Column: Born in flames, condemned to remember
By Andrew Cohen, Citizen Special, July 19, 2011
On Sunday, a wildfire ignited the dry, forested hills around Yad Vashem, the memorial to the Holocaust. It filled the afternoon sky with ash and smoke.
There was worry here that it might reach the campus – the museum, gallery, library, archive and school – which sits on 45 ochre acres in the Jerusalem Hills. It didn’t. But oh, the awful irony that the very ground dedicated to remembering the great fire – and the six million Jews it engulfed – could itself by consumed by flames.
Irony, of course, is everywhere at Yad Vashem, which was established by Israel in 1953. Its purpose is to remember the Jews in the land of the Jews who were supposed to be extinguished in Hitler’s Final Solution.
In those days, we weren’t discussing the Holocaust in North America the way they were in Israel, where today some 700,000 to 800,000 are survivors of the Holocaust or children or grandchildren of survivors.
No wonder they famously say the soul of Israel is Yad Vashem. When you’re born in flames, memory is identity. It’s inseparable. You are because you are, against the odds.
Memory matters to all societies, but particularly here. In Canada, we take it lightly; we remember correctly and selectively, especially when it comes to the founding races and the first peoples and who did what to whom. It’s why our national museum won’t address sensitive questions like the Conquest of Quebec.
We get by without an adult conversation about our past. We muddle through as amnesiacs. Ambiguity is us.
Not so in other places. In Germany, they face up to the Nazis. In the United States, they confront slavery and segregation.
In Japan, by contrast, they prefer to deny the Rape of Nanking and the comfort women of Korea. In Russia, they don’t like to discuss Stalin’s purges or the Ukrainian Famine.
Of course, it’s easier for the victims to remember than the perpetrators. Yad Vashem is a monument to memory. The war recedes and the survivors die. Nonetheless, the Holocaust remains high in the national consciousness.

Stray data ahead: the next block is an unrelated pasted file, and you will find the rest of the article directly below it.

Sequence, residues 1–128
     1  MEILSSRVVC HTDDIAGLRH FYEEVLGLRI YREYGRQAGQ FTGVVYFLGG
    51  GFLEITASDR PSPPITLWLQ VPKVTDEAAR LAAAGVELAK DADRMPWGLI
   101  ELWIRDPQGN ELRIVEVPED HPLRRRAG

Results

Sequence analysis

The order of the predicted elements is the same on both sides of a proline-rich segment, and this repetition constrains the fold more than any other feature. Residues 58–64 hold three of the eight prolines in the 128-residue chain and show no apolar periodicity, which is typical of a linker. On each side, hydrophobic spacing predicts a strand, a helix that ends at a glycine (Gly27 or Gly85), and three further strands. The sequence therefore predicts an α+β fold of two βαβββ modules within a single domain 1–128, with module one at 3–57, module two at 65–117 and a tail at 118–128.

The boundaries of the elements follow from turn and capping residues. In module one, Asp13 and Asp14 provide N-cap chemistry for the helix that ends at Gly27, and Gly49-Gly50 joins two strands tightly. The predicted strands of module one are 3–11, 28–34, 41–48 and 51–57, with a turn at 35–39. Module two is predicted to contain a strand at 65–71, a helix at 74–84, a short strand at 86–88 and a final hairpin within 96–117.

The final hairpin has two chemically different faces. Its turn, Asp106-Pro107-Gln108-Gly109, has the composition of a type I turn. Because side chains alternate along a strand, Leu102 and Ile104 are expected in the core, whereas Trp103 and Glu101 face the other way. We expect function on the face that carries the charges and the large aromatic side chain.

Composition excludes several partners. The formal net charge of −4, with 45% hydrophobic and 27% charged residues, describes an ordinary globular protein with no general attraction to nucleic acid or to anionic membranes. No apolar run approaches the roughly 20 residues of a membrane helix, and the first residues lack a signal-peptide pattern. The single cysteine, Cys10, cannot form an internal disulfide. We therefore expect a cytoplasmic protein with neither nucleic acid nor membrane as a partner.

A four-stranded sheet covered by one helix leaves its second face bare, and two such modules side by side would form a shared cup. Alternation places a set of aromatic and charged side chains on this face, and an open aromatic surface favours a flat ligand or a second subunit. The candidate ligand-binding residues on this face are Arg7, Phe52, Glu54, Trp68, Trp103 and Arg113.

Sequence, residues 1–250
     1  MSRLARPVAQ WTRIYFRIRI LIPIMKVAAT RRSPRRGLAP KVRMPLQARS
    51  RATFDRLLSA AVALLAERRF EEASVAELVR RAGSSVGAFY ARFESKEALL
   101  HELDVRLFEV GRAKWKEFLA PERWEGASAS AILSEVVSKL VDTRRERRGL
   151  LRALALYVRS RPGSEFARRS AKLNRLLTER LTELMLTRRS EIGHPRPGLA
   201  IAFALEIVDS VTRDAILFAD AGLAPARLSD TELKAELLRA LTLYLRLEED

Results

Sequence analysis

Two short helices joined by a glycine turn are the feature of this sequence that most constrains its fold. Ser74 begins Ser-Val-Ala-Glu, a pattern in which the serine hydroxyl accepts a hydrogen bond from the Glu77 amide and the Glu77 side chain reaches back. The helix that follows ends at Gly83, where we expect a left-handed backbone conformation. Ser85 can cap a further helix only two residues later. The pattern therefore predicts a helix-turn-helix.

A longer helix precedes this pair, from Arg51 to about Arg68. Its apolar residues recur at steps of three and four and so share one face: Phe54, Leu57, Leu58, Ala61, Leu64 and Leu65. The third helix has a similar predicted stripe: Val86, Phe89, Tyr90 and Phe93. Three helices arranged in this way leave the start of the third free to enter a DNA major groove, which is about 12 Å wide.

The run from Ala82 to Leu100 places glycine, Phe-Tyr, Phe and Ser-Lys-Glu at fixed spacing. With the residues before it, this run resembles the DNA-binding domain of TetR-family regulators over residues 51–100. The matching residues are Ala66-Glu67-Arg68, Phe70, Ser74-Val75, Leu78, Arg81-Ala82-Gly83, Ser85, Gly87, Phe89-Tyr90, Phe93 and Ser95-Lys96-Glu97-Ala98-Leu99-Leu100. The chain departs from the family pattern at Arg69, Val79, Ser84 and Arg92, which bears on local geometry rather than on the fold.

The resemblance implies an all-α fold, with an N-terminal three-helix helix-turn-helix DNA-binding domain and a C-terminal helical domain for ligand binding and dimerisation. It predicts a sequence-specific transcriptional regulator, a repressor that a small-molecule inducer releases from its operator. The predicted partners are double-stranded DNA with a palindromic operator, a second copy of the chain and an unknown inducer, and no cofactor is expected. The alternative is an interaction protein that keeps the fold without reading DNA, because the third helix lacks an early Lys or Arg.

It is why no foreign leader visits Israel without visiting the dim, haunting memorial hall at Yad Vashem, which was long its signature. Now it has some 700 employees and a large budget, augmented by worthy organizations like the Canadian Society for Yad Vashem.
Nor is it solely commemoration: it is about collection, documentation, exhibition and education. Researchers gather material (138 million pages of documents, 400,000 photographs, 102,000 survivor testimonies.) Curators display it (23,500 artifacts, 8,200 works of art.) Scholars study it (they have identified, by name, four million of the dead.) Archivists organize it, teachers teach it.
Two generations later, we are still learning about the Holocaust. Historians tell us, for example, that not all Germans “obeyed orders” when told to murder Jews, and some went unpunished for refusing. We know more about what the Allies knew and when, why neighbours turned on Jews, why Auschwitz wasn’t bombed, how Jews in captivity documented the tragedy and resisted it. We have found more “Righteous among the Nations” (another 449 in 2010), gentiles who saved and sheltered Jews.
The museum is deeply affecting. It’s designed by Moshe Safdie, who has created a stark dominion of bare concrete walls and conical forms, from which there is no easy escape.
Like other Holocaust museums, such as the one in Washington, it tells the story of the Shoah through the eyes of its victims, including the Roma. And while it doesn’t take risks in its presentation, it doesn’t judge Jews in extremis, either.
Everywhere there are stories of a choiceless world occasionally honeyed by fortune and caprice. There is Mordechai Rumkowski, the bombastic leader of the Lodz ghetto, trading some lives to save others. Or, the starving son who gave his dying father his only crust of bread because that was the way “I was raised.” When he returned to find his father and the bread gone, he decided: “I would never be moral again.”
It is curious to watch people in this museum, particularly throngs of young khaki-clad Israeli soldiers. Some are distracted, of course, but most read and listen with intensity.
The question arises: is it all too much? Has the Holocaust become too much of an industry, spawning museums in places such as a stripmall in Naples, Florida?
Or, as someone asked, is there no business like Shoah business?
Were we to live in a different world, perhaps. It might be that we wouldn’t need Holocaust memorials in Budapest, Bucharest and Berlin, and other places. And we wouldn’t need a legion of Holocaust scholars.
Maybe we could shut the doors and close the books if anti-Semitism were passé or genocide no longer happened in today’s world.
And so we are condemned to wonder and remember the mechanized murder of the Jews in the 20th century. Forever.
Andrew Cohen is a professor of journalism and international affairs at Carleton University. E-mail: firstname.lastname@example.org